A special measuring spoon comes with liquid medications to ensure that the proper dosage is administered every time. A recent study revealed that when the special measuring spoon was not utilized, the dosage size could vary greatly due to the fact that teaspoons are not made in standard sizes. If you learn that you cannot easily use the spoon that is provided to you, ask your pharmacist for a special medicine cup or an oral syringe so that you will be able to measure the proper dosage correctly.

Willis Kilmer And The Spurious World Of Herbal Medicine

Tucked away in Vestal, a small town on the southern fringes of New York, is a small pet cemetery known as Whispering Pines. This is the final resting place of ‘The Exterminator’, one of the greatest racehorses in the annals of American horse racing. When he died in 1943, it is said of ‘Old Bones’, as he was fondly known, that “no other horse to date was enjoyed with more genuine affection by the fans of racing.”

Which is more than can be said of the man who owned and trained him, Willis Kilmer. When the multi-millionaire businessman died at the age of 71 in 1940, an aunt overheard a news reporter lamenting his lost opportunity of meeting the tycoon. The elderly relative disabused the journalist of his sentimental notions, remarking sharply that her nephew “was not a nice person”.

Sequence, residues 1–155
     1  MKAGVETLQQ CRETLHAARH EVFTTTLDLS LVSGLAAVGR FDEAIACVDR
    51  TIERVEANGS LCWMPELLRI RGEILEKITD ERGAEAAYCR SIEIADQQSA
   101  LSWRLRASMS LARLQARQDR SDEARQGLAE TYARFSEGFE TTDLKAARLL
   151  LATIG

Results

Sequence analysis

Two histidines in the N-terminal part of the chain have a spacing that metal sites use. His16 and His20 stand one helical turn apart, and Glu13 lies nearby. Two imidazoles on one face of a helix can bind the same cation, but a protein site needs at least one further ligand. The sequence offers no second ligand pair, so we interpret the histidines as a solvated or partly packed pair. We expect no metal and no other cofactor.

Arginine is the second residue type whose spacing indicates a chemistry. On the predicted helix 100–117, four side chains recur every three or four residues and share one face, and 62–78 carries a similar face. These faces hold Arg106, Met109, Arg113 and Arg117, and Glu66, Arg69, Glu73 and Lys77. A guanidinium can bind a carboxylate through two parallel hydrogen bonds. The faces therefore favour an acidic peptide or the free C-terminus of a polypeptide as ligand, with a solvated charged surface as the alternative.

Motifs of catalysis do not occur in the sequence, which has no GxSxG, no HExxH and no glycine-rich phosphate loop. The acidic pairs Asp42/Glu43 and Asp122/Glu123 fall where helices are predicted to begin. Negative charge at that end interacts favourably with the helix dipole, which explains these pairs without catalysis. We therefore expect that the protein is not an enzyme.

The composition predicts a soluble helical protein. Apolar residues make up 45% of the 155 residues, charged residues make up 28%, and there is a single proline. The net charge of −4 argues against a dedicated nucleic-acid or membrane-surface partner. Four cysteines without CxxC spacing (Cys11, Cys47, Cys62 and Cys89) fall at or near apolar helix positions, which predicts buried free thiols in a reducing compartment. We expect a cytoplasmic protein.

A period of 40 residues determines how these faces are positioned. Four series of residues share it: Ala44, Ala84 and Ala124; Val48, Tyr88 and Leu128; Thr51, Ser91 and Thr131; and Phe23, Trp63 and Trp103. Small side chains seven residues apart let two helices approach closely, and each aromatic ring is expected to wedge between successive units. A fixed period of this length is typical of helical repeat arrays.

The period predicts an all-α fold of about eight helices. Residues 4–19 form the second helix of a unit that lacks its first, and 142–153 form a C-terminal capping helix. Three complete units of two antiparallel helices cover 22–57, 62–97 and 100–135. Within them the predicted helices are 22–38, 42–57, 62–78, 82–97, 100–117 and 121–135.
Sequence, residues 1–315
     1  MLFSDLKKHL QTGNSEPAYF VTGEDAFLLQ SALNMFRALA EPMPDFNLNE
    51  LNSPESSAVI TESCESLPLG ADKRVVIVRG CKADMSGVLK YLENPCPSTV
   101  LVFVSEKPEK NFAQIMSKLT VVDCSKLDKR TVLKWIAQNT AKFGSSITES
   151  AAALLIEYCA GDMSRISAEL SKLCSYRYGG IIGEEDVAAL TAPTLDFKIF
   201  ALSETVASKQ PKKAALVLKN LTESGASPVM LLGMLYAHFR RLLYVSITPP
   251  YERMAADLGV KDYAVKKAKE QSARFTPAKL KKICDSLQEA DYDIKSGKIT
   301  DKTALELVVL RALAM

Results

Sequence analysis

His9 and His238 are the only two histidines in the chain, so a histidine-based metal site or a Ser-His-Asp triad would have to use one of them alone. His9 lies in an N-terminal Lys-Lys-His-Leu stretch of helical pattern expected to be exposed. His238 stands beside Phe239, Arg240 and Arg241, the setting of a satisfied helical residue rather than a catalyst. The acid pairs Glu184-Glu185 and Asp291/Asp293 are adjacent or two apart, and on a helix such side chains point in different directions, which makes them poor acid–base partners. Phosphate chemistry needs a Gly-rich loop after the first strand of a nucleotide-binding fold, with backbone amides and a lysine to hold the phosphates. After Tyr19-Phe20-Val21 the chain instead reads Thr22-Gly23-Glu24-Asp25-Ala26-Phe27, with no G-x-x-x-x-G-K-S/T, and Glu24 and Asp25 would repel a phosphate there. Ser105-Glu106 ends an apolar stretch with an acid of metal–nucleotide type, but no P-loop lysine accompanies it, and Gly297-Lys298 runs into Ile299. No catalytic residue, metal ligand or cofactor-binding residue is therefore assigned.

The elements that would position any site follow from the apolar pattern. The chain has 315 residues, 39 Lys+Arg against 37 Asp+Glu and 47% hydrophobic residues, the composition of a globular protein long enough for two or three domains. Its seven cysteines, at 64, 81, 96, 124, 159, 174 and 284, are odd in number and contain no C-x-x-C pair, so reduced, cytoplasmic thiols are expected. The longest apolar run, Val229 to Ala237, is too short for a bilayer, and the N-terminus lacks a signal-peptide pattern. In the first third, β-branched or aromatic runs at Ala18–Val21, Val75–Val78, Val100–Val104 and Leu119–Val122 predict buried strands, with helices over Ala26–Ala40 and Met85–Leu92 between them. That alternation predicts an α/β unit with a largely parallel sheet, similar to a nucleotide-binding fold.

In his spats and a fedora, Willis Sharp Kilmer epitomised the classic early twentieth century business tycoon, portrayed so brilliantly on the big screen by James Cagney. For men like him, money and power were close family to be flaunted; ethics was a distant cousin you humoured. Establishment families such as the Vanderbilts were part of your social circle.

Willis ‘collected’ houses and horse studs from New York to Vermont, commuting between them in a chauffeur-driven car or his own private yacht. Like all self-made men, he also wanted to be remembered. Today residents in his home town of Binghampton, New York can hardly forget him as they play golf at the club he created. The local hospital pathology laboratory bears his name.

For Willis, the path to riches was as calculated as it was meteoric. Like his equine asset, Willis ruthlessly crushed all opposition. And he started with his own family. Just a few years after joining the family firm as head of sales and marketing, he ousted his uncle Andral as head of the company in a hostile takeover. Hardly the way to thank the man who has given you your big break after leaving Cornell University. And a shabby way to treat someone who has created one of the most successful ranges of proprietary herbal medicines on sale in America. But Willis was never the humble employee, in awe of his uncle’s achievements. Nor was he a botanist like his benefactor. He was, however, a consummate salesman with a big personality, who wasted no time in implementing the new marketing ideas he had learned at college.